February 2002 Bulletin

Is a financial train wreck ahead?

How to cope with declining reimbursments

By Sandra Lee Breisch

Orthopaedic surgeons might be facing significant reductions in reimbursements due to upcoming changes in the Centers for Medicare and Medicaid Services (CMS) 2002 physician fee schedule (see previous article). According to a Nov. 1, 2001 CMS announcement, the Conversion Factor for the Resource-Based Relative Value Scale (RBRVS) payment system will be reduced 5.4 percent in 2002.

"This means many orthopaedic surgeons will feel a significant economic impact as the level of reimbursement declines for the services they perform. This is because nearly a quarter of the typical orthopaedic practice is comprised of Medicare patients," says Bruce A. Johnson, JD, MPA, principal, Medical Group Management Association (MGMA) Health Care Consulting Group in Denver, and special counsel, Faegre & Benson LLP, Denver.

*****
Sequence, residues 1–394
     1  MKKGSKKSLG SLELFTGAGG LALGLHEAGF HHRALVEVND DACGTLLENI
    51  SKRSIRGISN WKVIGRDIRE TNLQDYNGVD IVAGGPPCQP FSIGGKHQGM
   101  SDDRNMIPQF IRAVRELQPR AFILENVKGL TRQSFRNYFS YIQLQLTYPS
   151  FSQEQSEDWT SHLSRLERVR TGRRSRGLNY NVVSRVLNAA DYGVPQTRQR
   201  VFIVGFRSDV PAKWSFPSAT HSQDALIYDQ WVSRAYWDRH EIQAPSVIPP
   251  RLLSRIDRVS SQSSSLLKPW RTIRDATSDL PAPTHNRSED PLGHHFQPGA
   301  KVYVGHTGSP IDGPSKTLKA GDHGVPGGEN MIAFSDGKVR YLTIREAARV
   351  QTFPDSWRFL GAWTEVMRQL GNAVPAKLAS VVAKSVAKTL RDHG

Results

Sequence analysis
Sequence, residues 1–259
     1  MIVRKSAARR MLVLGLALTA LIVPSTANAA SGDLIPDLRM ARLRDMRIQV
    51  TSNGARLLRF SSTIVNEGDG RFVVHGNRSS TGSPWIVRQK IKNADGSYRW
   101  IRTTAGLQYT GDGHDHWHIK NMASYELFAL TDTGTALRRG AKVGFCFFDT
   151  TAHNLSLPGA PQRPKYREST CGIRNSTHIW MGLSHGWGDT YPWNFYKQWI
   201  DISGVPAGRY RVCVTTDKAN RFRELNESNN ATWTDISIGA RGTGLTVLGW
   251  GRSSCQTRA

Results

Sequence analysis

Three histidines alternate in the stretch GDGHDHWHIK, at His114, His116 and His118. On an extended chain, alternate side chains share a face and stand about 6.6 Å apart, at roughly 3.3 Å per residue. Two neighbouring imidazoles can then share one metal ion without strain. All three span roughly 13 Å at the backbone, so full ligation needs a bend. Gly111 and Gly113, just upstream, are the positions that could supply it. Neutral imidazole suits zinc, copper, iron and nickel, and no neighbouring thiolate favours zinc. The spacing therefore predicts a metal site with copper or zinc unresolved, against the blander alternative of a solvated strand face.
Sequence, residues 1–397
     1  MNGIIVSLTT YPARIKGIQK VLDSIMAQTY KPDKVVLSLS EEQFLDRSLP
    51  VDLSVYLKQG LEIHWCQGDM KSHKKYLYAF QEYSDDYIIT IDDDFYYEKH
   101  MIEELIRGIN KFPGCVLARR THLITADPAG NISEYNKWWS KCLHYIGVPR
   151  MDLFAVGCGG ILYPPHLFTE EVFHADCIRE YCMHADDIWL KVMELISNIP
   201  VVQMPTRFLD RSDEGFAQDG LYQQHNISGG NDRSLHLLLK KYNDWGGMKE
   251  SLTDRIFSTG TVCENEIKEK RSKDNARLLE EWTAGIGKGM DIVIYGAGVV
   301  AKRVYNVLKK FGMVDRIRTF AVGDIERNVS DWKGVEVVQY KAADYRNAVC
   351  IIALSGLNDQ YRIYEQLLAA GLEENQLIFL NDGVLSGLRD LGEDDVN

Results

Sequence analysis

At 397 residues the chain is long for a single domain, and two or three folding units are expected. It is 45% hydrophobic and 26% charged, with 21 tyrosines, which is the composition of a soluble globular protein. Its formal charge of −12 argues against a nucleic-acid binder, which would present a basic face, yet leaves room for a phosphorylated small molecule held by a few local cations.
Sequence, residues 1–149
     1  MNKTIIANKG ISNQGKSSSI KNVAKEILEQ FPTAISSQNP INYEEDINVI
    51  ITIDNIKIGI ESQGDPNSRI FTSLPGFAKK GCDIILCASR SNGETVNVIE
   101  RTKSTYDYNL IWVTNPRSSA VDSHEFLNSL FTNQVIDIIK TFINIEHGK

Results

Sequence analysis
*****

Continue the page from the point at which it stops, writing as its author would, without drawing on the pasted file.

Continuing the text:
Though the initial prognosis sounds grim, Johnson notes that there may be strategies that orthopaedic practices can follow to help make up for the revenue shortfall. They include:

  1. Diversifying revenue streams. Some strategies that can help offset the declines in revenue include investments in Ambulatory Surgical Centers or through the provision of new services such as bone densitometry services and others.
  2. Increasing productivity through development of additional physician services, as well as increased use of staff, physician extenders such as nurse practitioners and physician assistants.
  3. Paying increased attention to private payer and cash patients due to the higher reimbursement that they can provide. This can occur through the development of more specialized practices such as sports medicine, services to executives and other marketing and clinical care opportunities that may enable a practice to expand its share of private pay (non-Medicare) patients.
  4. Reducing practice-operating costs through changes in staffing and other tactics. However, keep in mind that the reductions in costs ultimately may not help the practice in the long run because better performing practices tend to have larger numbers of support staff and higher operating costs, which translate into higher revenues per physician.
  5. Since many payers link their payment reimbursement levels to Medicare, practices might attempt to negotiate a higher rate with non-governmental payers, specifically, everybody other than Medicare.

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